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Module 2: Commencement and Collaboration – Putting Ideas Into Practice

2.3 Milestones and timelines

At the commencement of your research project it is valuable to identify your project milestones and timelines. These become measures of how well the project is progressing and provide signposts that allow you to assess your ability to complete the project on time and on budget. While you may choose to move some of these markers as you work through the project, you should establish them in the first place before you begin. If your research project is being funded by external funding (such as grant, consultancy, or contract research), your milestones may be influenced by the agency(ies) funding the research. When scheduling key tasks and project milestones you should:

  • Clearly mark calendar dates against goals
    This ensures that you have a timeframe for the delivery of your research goals. It will also be necessary if your research project is funded by external funding, which is more than likely to involve reporting requirements. Research deliverables may be identified as part of your research goals. These could include things such as reports, datasets, and preliminary results. It is important to keep in mind that some external funding agencies link project payments to deliverables. These contractual conditions will be clearly identified in the research funding agreement (contract) that you enter into when you accept the funding. Make sure you read and understand your obligations under any funding agreement you commit to.
  • Prepare a reporting schedule
    Again, it is important to tie your reporting dates to calendar dates. Your reporting schedule will be largely influenced by the stakeholders involved in your research project. If you are receiving funding from external agencies (e.g. federal or state government departments, rural research and development corporations, or other granting bodies), the reporting requirements (including frequency, format, and any potential penalties for non-compliance) will usually be specified in the funding agreement. Many funding agencies require annual progress reports, and a final report to be submitted within 6 months of completion of your project. Other stakeholders may have reporting requirements, particularly if they are contributing to the project with cash or in-kind resources.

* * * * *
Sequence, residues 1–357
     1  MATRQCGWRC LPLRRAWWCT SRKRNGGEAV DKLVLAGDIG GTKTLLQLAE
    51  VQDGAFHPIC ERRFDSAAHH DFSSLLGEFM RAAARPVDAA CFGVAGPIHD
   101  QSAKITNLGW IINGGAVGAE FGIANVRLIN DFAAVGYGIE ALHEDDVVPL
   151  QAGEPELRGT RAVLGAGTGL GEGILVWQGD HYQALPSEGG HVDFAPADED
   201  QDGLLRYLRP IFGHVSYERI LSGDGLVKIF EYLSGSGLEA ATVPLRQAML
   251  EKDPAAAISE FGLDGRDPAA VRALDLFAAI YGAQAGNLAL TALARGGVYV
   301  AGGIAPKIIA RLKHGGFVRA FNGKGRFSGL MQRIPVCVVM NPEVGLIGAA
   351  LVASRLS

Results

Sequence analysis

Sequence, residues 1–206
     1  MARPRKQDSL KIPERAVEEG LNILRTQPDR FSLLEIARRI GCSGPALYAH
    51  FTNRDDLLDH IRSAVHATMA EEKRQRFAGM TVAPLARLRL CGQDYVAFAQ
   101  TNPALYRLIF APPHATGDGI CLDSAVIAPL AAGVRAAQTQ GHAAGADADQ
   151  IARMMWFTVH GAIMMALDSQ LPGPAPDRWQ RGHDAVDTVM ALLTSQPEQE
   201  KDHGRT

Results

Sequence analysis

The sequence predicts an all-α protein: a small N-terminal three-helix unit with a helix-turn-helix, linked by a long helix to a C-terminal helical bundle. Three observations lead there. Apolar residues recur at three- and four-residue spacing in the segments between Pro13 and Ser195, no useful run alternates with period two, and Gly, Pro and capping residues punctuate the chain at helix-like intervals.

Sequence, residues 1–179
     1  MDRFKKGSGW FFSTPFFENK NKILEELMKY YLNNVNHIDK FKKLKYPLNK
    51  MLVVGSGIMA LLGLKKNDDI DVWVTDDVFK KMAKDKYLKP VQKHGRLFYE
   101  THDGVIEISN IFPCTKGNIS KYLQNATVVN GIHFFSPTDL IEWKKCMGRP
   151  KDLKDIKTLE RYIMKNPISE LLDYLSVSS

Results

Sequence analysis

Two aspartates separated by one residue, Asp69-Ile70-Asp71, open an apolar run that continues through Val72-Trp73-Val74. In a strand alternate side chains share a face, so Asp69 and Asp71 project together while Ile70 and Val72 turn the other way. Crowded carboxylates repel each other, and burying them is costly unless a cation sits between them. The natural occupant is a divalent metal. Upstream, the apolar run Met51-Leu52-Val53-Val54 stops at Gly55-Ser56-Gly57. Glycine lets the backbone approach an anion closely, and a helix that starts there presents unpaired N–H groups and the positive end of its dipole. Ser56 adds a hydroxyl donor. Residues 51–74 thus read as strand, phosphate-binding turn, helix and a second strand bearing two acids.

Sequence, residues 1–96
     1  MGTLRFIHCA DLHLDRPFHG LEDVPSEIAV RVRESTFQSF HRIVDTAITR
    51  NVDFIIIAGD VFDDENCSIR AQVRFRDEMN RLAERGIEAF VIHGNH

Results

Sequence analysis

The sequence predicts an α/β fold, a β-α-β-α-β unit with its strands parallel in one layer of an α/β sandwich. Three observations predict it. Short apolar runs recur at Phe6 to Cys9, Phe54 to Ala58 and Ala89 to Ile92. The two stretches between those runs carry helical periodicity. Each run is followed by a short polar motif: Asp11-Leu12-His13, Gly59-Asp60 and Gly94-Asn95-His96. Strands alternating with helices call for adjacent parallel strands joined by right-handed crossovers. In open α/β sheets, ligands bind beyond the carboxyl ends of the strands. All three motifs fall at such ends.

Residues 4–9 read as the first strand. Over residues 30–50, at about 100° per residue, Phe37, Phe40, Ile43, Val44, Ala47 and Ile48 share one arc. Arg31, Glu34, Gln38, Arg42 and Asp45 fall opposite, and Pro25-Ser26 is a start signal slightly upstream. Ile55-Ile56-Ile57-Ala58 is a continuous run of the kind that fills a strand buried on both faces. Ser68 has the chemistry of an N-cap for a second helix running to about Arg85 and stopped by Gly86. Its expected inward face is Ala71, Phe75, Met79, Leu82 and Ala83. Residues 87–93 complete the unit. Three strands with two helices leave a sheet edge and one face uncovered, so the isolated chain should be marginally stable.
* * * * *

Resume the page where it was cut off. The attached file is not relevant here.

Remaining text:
Reports can be required for all aspects of the research project including
    • financial reports
    • milestone reports
    • annual reports
    • progress reports
    • final reports
    • financial acquittals.

Most universities are able to manage and monitor reporting milestones with a research management database. Check with your Head of Department for information on your university's research management system, and for any faculty/school/centre and university-specific reporting conventions that may exist at your institution.

It is also worth noting students on PhD/Masters scholarships, working as part of your research project, have specific reporting requirements – to the university and sometimes to an external funding agency if the scholarship is externally funded.

  • Identify risks in meeting your milestones and timelines
    Research projects are inherently unpredictable. As shown in the table on the previous page, there are many challenges that can affect the delivery of research outputs and milestones. You may have changes in your research team, your research may take an unexpected turn, or you may have difficulty securing the equipment or resources you need to complete your research. All of these things can make it difficult for you to stick to your original milestone targets and timeline. You should frequently review progress towards your milestones and adherence to your timelines, and assess any potential risks to these. It is important to keep all stakeholders informed of any potential delays in the delivery of milestone targets and of changes in the timeline. If necessary, you may need to seek approval from external funding agencies for the late submission of a milestone deliverable, or a revised schedule of project deliverables.
  • Communicate these decisions clearly to your research team
    Changes in milestone dates, research timelines, and research direction need to be clearly communicated to the relevant people in your research team. You should ensure that your research team is aware of any revised priorities, milestone dates, and timelines so that your research project deliverables are not compromised. You should also assess whether your collaborators and other stakeholders need to be aware of any changes in milestone dates and research timelines.

Simple timeline template

The key tasks in your project can be defined using the template shown below:
Project start date:   /   /   
Project finish date:    /    /  

Project task

Resources required

Expected completion date

Example: Recruit additional researcher

Example: Position description

 

Stage 1

 

 

 

Stage 2

 

 

 

Stage 3

 

 

 

Stage 4

 

 

 

If you would like to use this simple timeline template, please use one of the following links to download a file containing the table.

Timeline template (Word file)
Timeline template (rtf file)

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